We've seen extreme weather patterns in New Jersey over the past couple of years and it doesn't look like there's a change on the horizon. In fact, State Climatologist David Robinson believes the energized climate pattern could result in a new normal.

"It's like the climate system is on steroids," said Robinson. "It's a warm climate system which allows it to be wetter in some respects and we've been getting pummeled." As a result of the August hurricane and tropical storm that followed combined with the unprecedented snowfall in October, New Jersey had already broken its annual rainfall record by the end of November.

"Now, here we are in December and we've been seeing unseasonably high temperatures for the month already," said Robinson. "Eighteen of the last twenty one months have been above normal in New Jersey and a good number of those warm months have been in the top ten going back well over a century of records."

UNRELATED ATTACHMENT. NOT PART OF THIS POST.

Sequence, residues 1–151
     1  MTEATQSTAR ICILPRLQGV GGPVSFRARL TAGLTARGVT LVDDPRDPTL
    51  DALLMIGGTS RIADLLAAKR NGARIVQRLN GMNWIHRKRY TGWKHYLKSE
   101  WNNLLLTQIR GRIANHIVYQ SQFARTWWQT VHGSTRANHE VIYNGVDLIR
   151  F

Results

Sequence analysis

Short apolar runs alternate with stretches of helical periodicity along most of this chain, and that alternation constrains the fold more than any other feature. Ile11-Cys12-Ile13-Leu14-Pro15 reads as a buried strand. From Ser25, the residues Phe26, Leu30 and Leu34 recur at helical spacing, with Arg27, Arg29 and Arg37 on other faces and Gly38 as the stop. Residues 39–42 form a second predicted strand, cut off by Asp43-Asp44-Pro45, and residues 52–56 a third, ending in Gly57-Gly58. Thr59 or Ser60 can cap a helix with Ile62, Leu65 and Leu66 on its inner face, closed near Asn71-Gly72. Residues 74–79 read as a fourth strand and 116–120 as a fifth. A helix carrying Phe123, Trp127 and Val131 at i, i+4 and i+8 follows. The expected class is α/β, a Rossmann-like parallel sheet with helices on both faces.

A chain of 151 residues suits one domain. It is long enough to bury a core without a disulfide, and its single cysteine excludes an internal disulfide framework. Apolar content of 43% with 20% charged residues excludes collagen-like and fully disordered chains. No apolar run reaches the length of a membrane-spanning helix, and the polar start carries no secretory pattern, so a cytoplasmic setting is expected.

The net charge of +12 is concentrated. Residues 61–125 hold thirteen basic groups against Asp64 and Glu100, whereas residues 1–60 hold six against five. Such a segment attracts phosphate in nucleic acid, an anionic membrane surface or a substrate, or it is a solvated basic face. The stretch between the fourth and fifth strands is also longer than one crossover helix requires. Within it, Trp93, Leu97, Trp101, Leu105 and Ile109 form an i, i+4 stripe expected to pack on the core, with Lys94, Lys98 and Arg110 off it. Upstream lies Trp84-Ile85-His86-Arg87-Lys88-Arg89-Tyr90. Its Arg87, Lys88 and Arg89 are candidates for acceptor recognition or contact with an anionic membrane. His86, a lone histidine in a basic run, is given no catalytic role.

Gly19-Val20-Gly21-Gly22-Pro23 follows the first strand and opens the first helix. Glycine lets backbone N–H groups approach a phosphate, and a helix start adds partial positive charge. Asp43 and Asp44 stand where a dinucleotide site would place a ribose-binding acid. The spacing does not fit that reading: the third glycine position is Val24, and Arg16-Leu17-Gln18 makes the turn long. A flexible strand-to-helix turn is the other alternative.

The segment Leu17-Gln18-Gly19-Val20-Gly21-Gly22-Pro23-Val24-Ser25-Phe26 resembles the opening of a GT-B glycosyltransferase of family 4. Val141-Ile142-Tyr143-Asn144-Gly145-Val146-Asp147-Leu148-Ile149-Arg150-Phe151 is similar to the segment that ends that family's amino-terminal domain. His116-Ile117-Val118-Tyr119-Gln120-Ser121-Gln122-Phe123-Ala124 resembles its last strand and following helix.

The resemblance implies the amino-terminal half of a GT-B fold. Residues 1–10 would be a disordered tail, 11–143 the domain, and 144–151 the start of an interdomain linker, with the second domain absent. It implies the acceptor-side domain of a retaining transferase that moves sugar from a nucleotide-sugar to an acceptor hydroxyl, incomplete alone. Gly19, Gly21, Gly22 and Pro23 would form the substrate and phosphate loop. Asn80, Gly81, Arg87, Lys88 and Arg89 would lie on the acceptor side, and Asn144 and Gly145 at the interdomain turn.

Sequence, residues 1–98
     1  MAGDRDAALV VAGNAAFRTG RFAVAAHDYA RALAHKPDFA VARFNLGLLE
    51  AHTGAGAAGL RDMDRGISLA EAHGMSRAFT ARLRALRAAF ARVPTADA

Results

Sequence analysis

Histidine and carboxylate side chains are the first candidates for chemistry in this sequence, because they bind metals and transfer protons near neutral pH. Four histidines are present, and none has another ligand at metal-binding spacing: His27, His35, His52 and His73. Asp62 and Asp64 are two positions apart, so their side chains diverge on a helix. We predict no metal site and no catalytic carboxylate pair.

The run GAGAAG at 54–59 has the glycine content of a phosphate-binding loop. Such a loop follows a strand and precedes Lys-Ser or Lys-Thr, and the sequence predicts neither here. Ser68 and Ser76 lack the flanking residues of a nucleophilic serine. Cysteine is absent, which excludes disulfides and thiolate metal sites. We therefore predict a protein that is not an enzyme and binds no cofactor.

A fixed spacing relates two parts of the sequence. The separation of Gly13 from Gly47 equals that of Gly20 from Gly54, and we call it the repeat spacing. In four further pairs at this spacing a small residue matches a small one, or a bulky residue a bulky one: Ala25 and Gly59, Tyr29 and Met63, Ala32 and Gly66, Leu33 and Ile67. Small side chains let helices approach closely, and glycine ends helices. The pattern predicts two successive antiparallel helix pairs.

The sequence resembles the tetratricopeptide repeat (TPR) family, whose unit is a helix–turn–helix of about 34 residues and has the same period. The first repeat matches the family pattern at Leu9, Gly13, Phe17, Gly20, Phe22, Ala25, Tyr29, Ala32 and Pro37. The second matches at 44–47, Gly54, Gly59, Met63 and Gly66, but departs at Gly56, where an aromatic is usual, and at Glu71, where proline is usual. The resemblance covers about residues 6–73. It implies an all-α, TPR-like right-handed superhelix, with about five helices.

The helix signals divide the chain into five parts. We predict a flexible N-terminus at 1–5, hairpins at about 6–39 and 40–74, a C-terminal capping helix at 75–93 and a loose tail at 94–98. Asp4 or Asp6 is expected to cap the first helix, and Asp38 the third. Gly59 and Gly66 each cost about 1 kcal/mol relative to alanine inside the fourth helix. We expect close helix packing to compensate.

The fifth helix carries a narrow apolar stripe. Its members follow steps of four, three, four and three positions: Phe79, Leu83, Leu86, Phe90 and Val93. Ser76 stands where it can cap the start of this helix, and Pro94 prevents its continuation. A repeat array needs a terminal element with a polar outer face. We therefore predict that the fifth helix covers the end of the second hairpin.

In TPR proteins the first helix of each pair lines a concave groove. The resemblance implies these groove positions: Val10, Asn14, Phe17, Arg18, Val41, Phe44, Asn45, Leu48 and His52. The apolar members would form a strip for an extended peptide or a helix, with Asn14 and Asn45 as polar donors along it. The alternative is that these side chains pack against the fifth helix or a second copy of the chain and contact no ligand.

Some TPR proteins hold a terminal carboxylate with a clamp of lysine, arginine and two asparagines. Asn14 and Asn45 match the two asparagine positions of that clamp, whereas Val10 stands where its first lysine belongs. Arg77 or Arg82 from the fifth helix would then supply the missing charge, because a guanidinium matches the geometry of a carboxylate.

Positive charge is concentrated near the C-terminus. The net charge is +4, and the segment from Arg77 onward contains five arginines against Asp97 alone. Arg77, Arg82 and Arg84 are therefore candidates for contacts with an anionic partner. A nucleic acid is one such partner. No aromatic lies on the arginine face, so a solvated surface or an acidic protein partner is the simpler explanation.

"So, it's coming to a point where we have to question our normals. But, it's not only about normals. When your normals shift, so do your extremes," said Robinson. "I think because of this, we'll start to see more extremes in the future. By that, I mean a flood that might happen every fifty years, we might start to see every ten years."

"But, given the nature of extremes, they're rare by definition and therefore, you need an extended period of time to make heads or tails over why they're occuring. It just may be we're starting to see new normals and new extremes and as we go through this century, we're likely going to have to get used to it," Robinson said.